If you’re a music enthusiast, a very important decision is whether to buy open-back headphones. Isolation from outside noises can be difficult with open-back models. But these models also offer a more natural sound quality versus closed back designs. In this blog post, we’ll try to answer the question of whether using an open-back model will provide better results than its closed back counterpart.
Open-back headphones have very plush, perforated leather ear cups that don’t seal off the ears. The user experiences an open feeling soundstage. Because there is no isolation or bleeds over to other sounds in their environment. Closed-back headphones provide a better, more accurate soundstage in a studio setting. Though open-back headphones may sound a bit closer to the source.
Open-back headphones are also known as near-field monitors. Because they are generally used when you want to hear the mix in your head rather than from speakers. Whether you’re mixing from home on your computer or the road with a laptop in tow. Open-back headphones will give you a more accurate reflection of what’s going on in your mix. When people mix, they have the speakers set up at the far end of their room and turn them up high so they can hear it.
All-Important Features of Open-Back Headphones
As the name suggests, open-back headphones fully expose the speaker grille to the outside world, including ambient noise. It makes them ideal for noisy environments and helps you hear how quieter your mix is coming across in quieter moments. Another benefit of open-back headphones is the sound. Many listeners prefer an accurate, natural sound signature. And open-back headphones provide a more precise reproduction of what your ears can hear and not what your ears want to hear. It is because the diaphragm that creates the sound isn’t being reflected off anything before it reaches your ears. As it would be with closed-back headphones.
Noise isolation on open or closed-back headphones depends on how well they seal around the ear, and this varies from model to model. The more you seal off the ear, the less isolation you’ll get. Luckily, it is possible to get open-back headphones better for use in noisy environments because they are bass-heavy. It is known as bass boost, and it boosts up frequencies around 50 hertz to compensate for poor isolation.
There are many different types of open-back headphones to choose from. With the most popular being based on planar magnetic technology. Planar magnetic headphones have an aluminum diaphragm built into a thin metal shell. That allows the speakers to work with less distortion in quieter moments when there’s no room.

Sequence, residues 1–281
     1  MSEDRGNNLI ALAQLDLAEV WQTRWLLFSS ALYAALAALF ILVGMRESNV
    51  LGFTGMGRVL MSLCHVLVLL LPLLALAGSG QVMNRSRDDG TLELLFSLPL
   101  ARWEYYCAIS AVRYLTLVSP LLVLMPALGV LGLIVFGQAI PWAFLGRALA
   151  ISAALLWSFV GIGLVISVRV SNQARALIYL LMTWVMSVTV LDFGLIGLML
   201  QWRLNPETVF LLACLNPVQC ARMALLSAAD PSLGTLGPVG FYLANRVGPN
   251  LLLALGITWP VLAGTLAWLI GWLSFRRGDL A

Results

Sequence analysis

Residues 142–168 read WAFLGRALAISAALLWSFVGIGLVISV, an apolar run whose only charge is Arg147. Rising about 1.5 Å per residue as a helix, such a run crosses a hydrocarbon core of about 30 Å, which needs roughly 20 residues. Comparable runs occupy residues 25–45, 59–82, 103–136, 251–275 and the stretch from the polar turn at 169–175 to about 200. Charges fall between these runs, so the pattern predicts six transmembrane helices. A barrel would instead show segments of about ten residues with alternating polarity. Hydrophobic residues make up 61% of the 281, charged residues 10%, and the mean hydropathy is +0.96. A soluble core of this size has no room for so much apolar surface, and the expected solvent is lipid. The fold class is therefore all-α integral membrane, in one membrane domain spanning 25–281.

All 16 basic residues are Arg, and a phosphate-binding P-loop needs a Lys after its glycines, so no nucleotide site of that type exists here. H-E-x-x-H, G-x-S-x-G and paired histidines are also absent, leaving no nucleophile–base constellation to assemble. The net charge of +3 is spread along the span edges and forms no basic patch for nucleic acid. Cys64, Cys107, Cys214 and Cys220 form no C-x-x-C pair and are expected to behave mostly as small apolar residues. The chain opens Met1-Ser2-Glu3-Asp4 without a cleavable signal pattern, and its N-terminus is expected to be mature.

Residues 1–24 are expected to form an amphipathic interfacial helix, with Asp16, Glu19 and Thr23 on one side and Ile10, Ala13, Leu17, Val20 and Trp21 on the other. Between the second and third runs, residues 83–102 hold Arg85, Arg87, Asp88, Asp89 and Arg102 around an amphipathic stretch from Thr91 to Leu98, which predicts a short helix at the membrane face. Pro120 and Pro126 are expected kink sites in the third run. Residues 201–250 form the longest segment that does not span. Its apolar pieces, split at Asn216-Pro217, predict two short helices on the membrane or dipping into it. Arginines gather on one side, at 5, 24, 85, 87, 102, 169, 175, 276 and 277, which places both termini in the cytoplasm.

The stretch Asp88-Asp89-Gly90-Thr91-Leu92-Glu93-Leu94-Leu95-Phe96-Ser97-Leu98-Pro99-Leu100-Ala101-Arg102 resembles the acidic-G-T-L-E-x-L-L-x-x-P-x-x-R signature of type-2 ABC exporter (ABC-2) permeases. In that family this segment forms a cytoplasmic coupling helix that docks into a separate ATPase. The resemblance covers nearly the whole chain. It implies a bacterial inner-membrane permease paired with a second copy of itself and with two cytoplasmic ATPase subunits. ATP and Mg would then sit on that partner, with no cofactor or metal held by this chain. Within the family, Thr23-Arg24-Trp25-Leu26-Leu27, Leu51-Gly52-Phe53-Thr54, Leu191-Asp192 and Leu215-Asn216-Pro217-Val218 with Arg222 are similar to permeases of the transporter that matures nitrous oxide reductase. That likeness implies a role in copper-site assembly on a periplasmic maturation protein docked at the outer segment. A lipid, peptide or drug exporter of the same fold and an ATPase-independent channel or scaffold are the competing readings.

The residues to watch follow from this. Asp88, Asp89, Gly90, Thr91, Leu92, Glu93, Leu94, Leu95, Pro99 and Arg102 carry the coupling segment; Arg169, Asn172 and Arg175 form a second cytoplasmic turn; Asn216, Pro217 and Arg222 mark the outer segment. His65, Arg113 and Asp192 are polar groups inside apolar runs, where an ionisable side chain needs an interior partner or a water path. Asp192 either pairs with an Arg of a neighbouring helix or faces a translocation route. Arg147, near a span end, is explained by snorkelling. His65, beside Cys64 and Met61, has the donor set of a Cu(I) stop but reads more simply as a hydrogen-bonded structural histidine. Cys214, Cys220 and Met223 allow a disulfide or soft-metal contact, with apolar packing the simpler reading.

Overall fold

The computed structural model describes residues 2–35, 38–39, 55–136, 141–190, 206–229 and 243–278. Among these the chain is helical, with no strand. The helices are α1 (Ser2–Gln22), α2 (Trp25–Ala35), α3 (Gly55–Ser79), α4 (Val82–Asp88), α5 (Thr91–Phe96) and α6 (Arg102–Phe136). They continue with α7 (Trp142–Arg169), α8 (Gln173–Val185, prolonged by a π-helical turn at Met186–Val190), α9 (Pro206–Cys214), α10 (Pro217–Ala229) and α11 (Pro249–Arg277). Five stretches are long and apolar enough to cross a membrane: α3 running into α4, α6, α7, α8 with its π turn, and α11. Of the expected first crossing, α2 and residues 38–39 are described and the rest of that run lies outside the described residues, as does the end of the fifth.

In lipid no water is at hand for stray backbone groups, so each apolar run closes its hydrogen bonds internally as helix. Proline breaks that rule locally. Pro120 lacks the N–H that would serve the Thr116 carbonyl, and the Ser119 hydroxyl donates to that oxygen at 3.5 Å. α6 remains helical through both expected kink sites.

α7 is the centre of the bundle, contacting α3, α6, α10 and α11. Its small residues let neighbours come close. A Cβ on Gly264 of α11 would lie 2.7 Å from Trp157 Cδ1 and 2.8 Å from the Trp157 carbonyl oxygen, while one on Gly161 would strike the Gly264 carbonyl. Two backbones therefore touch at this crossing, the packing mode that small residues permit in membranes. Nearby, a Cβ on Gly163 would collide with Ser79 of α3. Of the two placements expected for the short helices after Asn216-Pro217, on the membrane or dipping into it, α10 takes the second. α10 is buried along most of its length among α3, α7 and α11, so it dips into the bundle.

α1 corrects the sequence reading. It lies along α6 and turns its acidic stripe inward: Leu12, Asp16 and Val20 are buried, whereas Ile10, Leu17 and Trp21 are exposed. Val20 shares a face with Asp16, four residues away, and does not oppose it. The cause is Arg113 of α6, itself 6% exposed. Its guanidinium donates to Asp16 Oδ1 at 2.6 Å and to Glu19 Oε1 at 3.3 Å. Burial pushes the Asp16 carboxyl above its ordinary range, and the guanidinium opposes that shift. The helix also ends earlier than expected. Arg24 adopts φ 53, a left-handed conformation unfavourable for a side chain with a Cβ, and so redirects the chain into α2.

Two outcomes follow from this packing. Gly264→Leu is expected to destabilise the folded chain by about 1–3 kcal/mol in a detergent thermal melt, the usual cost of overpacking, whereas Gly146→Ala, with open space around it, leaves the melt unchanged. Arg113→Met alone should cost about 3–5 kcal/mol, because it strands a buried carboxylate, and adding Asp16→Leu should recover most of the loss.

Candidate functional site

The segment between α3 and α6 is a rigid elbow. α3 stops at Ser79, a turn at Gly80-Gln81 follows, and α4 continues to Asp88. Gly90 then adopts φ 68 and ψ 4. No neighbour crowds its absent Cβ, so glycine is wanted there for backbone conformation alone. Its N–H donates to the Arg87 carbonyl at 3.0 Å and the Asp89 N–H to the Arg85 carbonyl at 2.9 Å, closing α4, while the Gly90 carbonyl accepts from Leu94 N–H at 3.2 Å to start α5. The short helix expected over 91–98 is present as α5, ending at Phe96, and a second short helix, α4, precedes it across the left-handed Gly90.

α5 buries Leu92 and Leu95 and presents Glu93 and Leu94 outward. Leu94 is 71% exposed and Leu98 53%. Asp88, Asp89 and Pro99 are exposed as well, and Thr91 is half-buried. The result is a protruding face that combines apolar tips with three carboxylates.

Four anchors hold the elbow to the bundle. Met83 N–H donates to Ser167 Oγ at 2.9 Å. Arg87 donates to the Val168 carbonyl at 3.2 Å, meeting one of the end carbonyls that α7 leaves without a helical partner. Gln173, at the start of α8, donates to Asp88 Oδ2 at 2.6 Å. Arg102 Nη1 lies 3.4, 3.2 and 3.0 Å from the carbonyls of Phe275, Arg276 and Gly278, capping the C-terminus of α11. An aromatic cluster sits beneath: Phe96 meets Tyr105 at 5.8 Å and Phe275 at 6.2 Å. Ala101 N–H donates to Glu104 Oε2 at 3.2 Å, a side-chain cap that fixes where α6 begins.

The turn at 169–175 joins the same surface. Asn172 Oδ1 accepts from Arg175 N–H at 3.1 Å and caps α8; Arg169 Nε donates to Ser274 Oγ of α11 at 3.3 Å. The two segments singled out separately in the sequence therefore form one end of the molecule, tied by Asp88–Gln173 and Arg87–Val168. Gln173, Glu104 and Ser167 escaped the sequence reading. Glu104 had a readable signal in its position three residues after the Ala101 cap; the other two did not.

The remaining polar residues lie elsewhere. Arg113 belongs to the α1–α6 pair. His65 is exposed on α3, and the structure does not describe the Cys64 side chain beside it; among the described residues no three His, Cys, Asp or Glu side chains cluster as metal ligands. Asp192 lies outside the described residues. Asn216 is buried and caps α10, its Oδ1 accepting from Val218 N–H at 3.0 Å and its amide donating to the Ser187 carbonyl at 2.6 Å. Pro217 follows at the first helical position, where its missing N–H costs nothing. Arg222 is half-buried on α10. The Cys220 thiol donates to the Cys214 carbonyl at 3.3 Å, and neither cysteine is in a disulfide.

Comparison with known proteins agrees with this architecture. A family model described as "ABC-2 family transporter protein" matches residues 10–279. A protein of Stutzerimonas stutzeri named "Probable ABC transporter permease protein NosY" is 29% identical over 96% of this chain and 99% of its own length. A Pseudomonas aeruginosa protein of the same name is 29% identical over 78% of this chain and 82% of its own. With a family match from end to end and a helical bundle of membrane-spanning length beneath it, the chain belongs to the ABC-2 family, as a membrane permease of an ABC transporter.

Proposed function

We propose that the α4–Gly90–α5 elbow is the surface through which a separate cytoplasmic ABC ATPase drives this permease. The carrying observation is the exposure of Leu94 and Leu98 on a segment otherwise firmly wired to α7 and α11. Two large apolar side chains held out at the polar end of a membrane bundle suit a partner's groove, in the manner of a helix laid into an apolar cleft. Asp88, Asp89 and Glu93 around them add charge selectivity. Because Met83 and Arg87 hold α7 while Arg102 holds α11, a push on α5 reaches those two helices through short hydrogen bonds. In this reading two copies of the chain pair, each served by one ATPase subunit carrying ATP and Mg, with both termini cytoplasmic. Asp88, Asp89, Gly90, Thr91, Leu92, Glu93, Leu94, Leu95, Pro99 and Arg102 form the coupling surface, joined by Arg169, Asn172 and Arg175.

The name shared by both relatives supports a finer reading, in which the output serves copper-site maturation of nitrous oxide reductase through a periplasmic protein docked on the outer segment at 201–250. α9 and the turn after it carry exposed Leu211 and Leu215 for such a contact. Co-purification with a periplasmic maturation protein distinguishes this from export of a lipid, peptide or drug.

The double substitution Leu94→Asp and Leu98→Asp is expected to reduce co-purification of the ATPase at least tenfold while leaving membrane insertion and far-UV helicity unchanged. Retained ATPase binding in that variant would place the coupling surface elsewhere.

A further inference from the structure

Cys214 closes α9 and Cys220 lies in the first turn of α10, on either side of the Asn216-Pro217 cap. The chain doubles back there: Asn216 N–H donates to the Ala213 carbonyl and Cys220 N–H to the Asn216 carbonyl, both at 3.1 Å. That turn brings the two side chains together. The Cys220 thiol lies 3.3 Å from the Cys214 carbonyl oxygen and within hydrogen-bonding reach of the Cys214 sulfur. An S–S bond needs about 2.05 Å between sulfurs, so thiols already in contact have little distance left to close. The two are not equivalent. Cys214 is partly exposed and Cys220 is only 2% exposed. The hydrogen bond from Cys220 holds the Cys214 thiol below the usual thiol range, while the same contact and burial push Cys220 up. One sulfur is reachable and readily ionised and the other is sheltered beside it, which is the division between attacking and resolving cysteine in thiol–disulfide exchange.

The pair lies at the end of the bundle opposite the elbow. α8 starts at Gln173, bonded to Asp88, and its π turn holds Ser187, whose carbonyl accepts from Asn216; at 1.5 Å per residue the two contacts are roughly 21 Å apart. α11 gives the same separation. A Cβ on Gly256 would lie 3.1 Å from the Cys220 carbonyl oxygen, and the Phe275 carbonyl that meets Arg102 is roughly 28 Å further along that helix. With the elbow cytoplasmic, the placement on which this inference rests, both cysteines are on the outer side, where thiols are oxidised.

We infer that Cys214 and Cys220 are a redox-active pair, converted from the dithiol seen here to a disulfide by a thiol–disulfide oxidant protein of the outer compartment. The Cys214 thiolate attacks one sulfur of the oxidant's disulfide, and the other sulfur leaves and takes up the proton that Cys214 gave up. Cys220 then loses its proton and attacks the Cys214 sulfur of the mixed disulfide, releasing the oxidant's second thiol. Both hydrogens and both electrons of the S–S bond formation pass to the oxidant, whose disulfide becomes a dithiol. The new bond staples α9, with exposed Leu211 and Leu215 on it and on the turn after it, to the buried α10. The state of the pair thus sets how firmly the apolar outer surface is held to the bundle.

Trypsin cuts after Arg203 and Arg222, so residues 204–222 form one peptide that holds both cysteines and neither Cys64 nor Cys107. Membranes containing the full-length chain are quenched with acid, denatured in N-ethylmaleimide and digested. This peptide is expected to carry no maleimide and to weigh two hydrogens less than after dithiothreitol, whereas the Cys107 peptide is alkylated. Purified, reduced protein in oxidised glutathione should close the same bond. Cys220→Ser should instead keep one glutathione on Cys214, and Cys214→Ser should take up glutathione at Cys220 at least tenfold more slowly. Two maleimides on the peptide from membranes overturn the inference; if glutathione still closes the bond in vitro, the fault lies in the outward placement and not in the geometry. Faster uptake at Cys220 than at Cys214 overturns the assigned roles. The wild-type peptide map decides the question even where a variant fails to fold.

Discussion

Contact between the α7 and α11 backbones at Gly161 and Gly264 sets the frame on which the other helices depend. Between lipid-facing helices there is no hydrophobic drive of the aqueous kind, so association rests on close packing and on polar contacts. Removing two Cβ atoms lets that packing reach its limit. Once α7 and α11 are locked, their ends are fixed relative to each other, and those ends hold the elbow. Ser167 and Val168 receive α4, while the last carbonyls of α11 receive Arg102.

The All-Important Features That We Look for in Quality Open Back Headphones:
- Comfort: The main selling point of open-back headphones is that they sound great and offer a great listening experience. But if you can’t wear them for long periods, then what’s the point? It would be best if you chose a pair of open-back headphones that have a comfortable ear cup design. And an adjustable headband so you can fit them over your ears.
- Sound quality: High-quality sound is a must if you take your mixing to the next level. Open-back headphones offer a more authentic audio experience. Which means you’ll hear everything from the upper midst to the highs as they were intended to be heard.
- Bass: While many DJs have a love affair with bass, especially for dance tracks. Having a pair that boosts bass over the mid and high frequencies is the best way to take your mix to the next level. You can achieve that by adding a subwoofer or by using a digital equalizer. Properly mixing with an open-back pair of headphones will prevent you from mixing excessive bass. Because it will reflect what you hear in your head instead of what you hear through speakers.
Open Back Headphones to Get Your Hands on for Mixing
Sennheiser HD 429: The HD 429 is a pair of open-back headphones from Sennheiser used by many DJs and audio engineers. Its closed-back design seals the ear cups well, but it still lets you hear all the frequencies naturally.
If you’re going to take advantage of open-back headphones for mixing. You’re going to want a bass-heavy pair, and I suggest using a pair from Sennheiser. These guys have a proven track record in constructing quality open-back headphones. And they make some of the best out there. They produce rich bass with their planar magnetic technology. Which means they sound fantastic in quieter moments when there’s less ambient noise.
AKG Pro Audio K67: The K67’s have a sleek design that stands out from many open-back headphones. I use them regularly in my studio, and they have earned the nickname “the Cadillac”. Because they are so comfortable and don’t give me any pressure points from extended use for several hours at a time.
One thing that stands out about these headphones is the sound. They have a unique sound that’s hard to pin down because they have a smooth, accurate bass response. Again, the bass is the essential feature of open-back headphones for DJs. And you won’t be disappointed with the K67.
Behringer HA400: The Behringer HA400 is great for DJs needing a comfortable and affordable pair of open-back headphones. That don’t leak too much noise and aren’t too bulky to travel with. These headphones feature a closed-back design and a well-thought-out headband for portability. But they still come with all the features you need to get work done. The HA400 is great for mixing and has a digital equalizer and an in-line microphone for incoming calls.
Open-back headphones are better for mixing because they aren’t shielded. And that allows them to render better what you hear inside your head instead of what you make happen in the studio. The slight distortion will produce a more accurate audio image. And open-back headphones will provide a more accurate reflection of what’s going on in your mix.